The attention on the plant that produces the tiny, bright red berry represents more than just its medicinal importance. The schisandra berry’s home is known as one of the most biodiverse areas on the planet, which is now undergoing a “dramatic new approach to conservation,” according to the Food and Environment Reporting Network (FERN).10

How to Save an Ecosystem and the ‘Gatherers’ Who Serve the World

“Once upon a time there was a forest …” a story might begin. Not so long ago, a sad ending for the schisandra vine looked imminent. In China, portions of farmland are allotted to families. In the Upper Yangtze, farmers began pooling their resources to grow crops on the mountain slopes to sell for extra cash. As forests were logged out to make way for more farmlands, mudslides began decimating the mountains and forests, destroying many of the rare medicinal plants.

Commercial harvest of magnolia bulbs (used for indigestion, inflammation, anxiety, stroke and asthma, according to WebMD11), and angelica roots (aka dong quai, popular as an aphrodisiac and a balancing agent for hormones, Herb Wisdom reports12), were destroyed, as well as the fragile habitat for the endangered giant panda.

Eventually, the 1990s brought government bans on the hillside timber harvest, then on the farm operation on the mountain slopes in an initiative they called “Grain for Green,” but it backfired. The problem escalated rather than being resolved, according to FERN:

“It was salvation for the forests, but the farmers had to scramble to replace the lost income. Families started gathering more wild plants than ever, ripping entire schisandra vines from trees to get as many berries as possible. This not only killed the plants, but also spread the foragers’ human scent, scaring panda mothers who then abandoned their babies.”13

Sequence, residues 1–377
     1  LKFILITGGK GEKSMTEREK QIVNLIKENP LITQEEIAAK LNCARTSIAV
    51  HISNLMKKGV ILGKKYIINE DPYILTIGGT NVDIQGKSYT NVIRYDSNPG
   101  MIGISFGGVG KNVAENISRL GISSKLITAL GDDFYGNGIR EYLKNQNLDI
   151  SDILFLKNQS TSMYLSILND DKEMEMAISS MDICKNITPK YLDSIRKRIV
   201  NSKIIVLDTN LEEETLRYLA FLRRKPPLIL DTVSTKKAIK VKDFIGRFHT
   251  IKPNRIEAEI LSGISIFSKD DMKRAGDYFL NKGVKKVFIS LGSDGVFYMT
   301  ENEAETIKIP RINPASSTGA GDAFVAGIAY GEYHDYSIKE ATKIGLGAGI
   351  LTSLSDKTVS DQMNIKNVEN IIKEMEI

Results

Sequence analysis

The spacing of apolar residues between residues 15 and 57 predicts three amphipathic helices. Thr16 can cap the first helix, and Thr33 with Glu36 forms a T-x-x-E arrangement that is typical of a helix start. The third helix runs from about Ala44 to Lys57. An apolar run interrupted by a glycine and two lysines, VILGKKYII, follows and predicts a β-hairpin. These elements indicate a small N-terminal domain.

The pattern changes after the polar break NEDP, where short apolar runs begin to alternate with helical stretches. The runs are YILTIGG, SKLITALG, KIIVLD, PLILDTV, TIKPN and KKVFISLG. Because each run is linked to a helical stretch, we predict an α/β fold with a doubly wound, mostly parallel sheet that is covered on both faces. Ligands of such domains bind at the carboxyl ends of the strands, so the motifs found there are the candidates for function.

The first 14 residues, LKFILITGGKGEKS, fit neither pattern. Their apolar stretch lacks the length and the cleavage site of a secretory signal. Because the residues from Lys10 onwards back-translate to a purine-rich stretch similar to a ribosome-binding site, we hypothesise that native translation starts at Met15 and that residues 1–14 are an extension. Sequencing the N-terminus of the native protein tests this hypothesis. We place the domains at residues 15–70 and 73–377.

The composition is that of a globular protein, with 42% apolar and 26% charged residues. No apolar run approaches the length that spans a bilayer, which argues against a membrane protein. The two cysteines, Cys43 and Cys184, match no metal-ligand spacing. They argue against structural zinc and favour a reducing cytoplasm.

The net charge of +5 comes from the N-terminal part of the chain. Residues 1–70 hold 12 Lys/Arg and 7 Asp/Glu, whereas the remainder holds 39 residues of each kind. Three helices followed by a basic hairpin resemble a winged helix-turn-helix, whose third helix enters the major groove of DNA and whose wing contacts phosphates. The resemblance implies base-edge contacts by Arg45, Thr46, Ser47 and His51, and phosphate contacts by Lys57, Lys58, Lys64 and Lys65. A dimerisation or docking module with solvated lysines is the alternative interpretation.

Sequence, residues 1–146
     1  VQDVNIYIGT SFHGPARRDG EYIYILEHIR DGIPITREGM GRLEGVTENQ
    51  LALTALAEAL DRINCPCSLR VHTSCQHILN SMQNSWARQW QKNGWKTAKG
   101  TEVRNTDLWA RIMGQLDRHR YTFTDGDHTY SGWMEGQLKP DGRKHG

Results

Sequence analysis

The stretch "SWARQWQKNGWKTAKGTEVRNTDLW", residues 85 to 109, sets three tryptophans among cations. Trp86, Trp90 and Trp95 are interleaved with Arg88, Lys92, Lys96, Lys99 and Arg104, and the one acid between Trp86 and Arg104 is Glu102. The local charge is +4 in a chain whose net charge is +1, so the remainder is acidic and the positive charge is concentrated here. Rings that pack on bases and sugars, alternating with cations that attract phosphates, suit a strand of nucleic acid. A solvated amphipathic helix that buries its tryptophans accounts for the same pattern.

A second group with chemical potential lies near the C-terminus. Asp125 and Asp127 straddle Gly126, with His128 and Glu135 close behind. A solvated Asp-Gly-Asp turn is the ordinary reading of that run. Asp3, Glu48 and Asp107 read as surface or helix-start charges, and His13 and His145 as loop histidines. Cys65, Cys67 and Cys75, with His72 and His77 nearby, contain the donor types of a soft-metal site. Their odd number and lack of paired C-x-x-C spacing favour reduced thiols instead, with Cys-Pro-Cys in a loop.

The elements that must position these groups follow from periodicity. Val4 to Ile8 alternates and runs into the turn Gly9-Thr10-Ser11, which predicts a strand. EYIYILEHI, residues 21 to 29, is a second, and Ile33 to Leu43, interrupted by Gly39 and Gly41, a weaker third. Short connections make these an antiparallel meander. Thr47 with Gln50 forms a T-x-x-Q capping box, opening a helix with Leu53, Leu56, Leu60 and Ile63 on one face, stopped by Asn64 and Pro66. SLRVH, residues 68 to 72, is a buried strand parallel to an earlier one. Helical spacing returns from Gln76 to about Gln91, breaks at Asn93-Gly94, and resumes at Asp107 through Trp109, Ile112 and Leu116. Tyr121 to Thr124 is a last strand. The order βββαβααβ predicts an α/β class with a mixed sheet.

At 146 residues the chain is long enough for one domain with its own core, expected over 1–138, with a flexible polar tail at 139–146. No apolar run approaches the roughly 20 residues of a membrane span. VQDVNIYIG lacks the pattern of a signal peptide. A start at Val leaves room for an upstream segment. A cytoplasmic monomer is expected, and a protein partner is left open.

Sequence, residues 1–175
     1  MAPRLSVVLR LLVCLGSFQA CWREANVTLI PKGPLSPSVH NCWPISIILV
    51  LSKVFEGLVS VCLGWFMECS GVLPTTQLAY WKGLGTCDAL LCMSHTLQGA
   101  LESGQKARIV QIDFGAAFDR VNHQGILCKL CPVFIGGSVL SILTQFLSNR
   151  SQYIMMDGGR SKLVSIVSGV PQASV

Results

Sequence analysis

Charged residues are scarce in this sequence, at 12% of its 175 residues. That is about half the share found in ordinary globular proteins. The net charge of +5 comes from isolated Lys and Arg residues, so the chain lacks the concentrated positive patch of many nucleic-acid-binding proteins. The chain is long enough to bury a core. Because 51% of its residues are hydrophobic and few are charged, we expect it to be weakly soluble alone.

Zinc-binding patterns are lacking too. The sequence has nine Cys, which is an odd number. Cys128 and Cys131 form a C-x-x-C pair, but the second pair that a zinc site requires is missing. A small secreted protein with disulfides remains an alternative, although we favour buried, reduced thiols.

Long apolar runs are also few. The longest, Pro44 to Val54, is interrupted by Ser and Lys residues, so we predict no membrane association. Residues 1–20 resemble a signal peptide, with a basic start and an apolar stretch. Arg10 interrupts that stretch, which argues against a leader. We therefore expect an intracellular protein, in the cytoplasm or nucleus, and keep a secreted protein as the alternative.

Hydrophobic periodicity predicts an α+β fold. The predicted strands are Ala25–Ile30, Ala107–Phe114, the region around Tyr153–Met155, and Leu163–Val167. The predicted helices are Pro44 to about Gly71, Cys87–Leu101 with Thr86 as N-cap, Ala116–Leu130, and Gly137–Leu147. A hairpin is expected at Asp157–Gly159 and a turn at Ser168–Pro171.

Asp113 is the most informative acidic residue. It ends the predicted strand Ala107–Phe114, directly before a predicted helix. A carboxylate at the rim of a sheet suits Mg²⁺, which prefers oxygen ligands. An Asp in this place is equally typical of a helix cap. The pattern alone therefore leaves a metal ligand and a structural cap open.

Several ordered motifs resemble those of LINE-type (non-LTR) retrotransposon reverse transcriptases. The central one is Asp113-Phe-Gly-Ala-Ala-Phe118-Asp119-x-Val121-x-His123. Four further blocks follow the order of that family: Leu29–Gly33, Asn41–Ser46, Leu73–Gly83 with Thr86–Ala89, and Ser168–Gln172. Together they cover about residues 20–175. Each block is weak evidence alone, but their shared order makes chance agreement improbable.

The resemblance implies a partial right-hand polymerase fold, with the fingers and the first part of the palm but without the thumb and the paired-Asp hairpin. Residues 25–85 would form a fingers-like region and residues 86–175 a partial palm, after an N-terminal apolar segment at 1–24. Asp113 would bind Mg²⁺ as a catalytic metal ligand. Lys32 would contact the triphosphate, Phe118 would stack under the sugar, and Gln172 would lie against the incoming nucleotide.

It looked like the end of the story for the schisandra berry, and a new period of trouble for the villagers, until Josef Brinckmann, an ethnobotanist and research fellow in medicinal plants at Traditional Medicinals tea company, arrived in 2008. His remedy for the situation was to encourage wild harvest, not prohibit it.

Wild Plant Gathering: A New Chapter for Schisandra Berries

According to a report from Kew Gardens’ State of the World’s Plants, one-fifth of the world’s wild plant species is nearing extinction, and one-third is threatened due to unsustainable farming practices. As Brinckmann put it, “The biggest threat to biodiversity is farming and development, not over-harvesting wild plants.”

Brinckmann was on a team that included members of the World Wildlife Federation and the Swiss and German governments in the creation of the FairWild Standard, the first verification system in the native plant industry to focus on improving both environmental conditions and labor practices.